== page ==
We have a lot of cobblestones and often, they are broken and sticking up.

We do have some ramps on some sidewalks, but it’s not consistent, and, often, these are blocked by illegally parked cars.

a rome street is not very wheelchair friendly

Accessible Rome – Rome’s streets and sidewalks are not exactly wheel-friendly.

If you are not in a wheelchair but use a walker, your best bet is to try to avoid the cobblestone streets in Rome’s historic center.

When it’s not possible to avoid these areas, go slowly and take care because the cobblestones can be really uneven and even broken.

An excellent walker with seat!

It’s easy to travel with and has a seat.

The easiest outdoor areas to get around in a wheelchair are the Pantheon, Piazza Navona, via dei Fori Imperiali, Piazza Santa Maria in Trastevere, Vatican Square, and Piazza del Popolo.

via dei fori imperiali, easy to navigate in a wheelchair

The via dei Fori Imperiali is one of my favorite streets to visit in Rome, and it’s very wheelchair friendly due to the smooth surfaces, lack of (much) traffic, and extra wide sidewalks.

These all have relatively smooth pavements, sidewalks and/or streets.

Riding the Metro in Rome in a Wheelchair

you can ride rome's metro system if you are in a wheelchair or otherwise disabled

Rome’s metro system has several locations around Rome with elevators/lifts and access for the disabled.

To find out which Rome metro stops have facilities for the disabled, visit this page published by the city of Rome.

Getting around Rome by Bus in a wheelchair

bus in rome

Accessible Rome – Several of Rome’s buses have facilities for the disabled.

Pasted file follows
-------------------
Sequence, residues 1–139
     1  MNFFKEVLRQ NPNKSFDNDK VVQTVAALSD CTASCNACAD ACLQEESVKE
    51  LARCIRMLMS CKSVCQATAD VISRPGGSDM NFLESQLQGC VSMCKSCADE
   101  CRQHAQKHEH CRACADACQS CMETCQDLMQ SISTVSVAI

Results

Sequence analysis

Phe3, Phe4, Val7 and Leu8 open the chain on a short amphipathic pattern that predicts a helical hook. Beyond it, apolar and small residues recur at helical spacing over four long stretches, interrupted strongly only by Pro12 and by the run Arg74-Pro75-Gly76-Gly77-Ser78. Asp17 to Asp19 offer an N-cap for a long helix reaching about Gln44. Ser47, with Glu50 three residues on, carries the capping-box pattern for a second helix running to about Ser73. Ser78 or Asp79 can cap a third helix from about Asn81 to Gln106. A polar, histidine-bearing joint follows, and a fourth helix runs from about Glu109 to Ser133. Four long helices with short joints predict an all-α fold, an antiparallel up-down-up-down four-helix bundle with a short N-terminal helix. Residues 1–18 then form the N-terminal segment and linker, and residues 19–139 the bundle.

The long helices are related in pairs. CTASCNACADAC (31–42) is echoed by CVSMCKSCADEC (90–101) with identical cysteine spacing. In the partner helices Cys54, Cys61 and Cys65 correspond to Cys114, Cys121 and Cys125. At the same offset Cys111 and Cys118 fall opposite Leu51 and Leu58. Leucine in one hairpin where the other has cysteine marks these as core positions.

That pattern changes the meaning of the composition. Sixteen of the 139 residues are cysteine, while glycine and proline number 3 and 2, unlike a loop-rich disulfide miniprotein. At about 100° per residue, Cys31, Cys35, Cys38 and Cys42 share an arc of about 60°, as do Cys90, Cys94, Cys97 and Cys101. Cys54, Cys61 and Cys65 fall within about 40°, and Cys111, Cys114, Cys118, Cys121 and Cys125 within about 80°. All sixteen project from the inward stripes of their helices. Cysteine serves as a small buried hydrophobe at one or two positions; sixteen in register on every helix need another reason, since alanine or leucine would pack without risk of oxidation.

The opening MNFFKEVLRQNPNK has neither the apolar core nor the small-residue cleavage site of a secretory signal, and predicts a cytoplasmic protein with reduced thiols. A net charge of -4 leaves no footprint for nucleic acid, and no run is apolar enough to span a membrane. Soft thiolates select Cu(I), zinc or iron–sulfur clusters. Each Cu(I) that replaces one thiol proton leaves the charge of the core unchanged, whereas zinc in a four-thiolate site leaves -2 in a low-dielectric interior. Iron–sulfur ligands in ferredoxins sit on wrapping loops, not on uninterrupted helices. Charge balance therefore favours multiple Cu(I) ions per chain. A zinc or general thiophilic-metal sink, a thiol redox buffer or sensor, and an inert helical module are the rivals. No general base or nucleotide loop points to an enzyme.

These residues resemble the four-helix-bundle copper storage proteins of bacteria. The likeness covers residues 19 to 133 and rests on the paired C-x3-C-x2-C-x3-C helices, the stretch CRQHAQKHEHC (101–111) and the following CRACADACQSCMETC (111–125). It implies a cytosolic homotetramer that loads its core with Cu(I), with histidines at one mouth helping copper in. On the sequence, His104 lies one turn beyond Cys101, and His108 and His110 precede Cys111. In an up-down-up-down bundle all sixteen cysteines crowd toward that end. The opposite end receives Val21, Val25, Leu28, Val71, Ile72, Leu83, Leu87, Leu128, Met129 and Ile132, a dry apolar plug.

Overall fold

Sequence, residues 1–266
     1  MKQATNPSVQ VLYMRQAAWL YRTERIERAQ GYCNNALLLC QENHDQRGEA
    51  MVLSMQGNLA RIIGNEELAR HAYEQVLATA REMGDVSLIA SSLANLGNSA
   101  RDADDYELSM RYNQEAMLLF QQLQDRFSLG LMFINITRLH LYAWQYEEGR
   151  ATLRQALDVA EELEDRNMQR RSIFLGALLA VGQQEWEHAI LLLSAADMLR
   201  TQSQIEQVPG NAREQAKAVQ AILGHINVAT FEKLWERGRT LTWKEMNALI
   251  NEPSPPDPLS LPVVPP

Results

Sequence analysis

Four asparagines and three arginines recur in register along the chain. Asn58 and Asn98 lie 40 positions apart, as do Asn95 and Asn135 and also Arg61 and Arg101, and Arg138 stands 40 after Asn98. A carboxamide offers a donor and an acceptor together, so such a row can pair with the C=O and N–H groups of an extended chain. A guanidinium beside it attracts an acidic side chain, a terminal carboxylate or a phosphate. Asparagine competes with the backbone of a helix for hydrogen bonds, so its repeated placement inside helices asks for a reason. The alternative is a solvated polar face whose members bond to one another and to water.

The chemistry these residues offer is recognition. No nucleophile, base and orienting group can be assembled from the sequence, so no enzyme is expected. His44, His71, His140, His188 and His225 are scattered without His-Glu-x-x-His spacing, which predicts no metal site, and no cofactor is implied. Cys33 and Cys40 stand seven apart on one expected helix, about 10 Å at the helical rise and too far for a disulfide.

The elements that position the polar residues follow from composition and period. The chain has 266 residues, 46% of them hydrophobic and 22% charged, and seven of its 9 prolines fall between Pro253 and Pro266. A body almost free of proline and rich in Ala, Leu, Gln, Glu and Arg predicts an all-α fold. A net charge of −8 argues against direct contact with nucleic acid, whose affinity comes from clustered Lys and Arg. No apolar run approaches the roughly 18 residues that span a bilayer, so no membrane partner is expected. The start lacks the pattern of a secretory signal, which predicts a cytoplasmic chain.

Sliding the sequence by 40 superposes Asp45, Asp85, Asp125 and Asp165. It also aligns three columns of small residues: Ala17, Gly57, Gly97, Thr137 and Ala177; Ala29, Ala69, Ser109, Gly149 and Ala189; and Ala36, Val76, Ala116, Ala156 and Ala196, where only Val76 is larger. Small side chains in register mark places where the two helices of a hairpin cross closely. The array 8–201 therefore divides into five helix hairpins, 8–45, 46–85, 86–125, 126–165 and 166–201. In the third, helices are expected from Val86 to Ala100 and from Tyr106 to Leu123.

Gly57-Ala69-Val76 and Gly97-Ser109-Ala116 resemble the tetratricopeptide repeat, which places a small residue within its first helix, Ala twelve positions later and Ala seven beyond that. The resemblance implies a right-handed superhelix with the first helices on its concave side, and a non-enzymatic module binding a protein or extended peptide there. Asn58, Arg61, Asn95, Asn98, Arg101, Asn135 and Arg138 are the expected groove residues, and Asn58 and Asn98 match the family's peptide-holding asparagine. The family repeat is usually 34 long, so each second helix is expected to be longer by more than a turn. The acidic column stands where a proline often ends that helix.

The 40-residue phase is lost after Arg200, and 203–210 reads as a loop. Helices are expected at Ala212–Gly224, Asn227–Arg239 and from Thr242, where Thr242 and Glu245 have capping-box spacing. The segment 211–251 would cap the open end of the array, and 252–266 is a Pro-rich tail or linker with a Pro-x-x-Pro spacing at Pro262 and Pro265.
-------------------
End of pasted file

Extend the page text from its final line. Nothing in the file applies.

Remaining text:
The Rome public transportation system does not yet have this info in English. But I can tell you that the following lines have facilities for the disabled:

H, 81, 85, 90, 170, 490, 44, 46, 60, 360, 80, 590, 87, 660, 671, 664, 558, 650, 20, 786, 781, 990.

Getting around Rome by taxi in a wheelchair

Rome Taxi

Among 7800 licensed taxis in Rome ( source updated on 31-12-2020 ) only 0.5% of them are available to users in wheelchairs. It’s not always easy to arrange for a taxi with facilities for disabled

There are several taxi cooperatives that you can call. The biggest one, 06 3570, has a large fleet of cars and vans outfitted for people with disabilities. You can visit their site here.

I also read on this website that she used regular taxis, and simply folded up the wheelchair and placed it in the trunk. She said all the cab drivers she dealt with were very friendly and accommodating.

Hiring a private service for transport in Rome in a wheelchair

All of the accessible Rome tour sites I linked to above also offer transportation in vans equipped specifically for people in wheelchairs. You can contact this one for more information.

Some Excellent Resources – with my thanks

While researching what to write for this page about Accessible Rome, I came across some fantastic resources, some of which I refer to on this page.

These sites were written by people who have a lot of experience travelling with a wheelchair themselves, so I humbly defer to their expertise.

Two of the best sites you can refer to are and

Also, while writing and researching this page over several months, some of my readers have also chimed in. If you have any suggestions for me to add to this page about Accessible Rome, or to change something you see that may be incorrect or incomplete, I welcome your input.

I am grateful for the advice of everyone who helped me put this page about Accessible Rome together.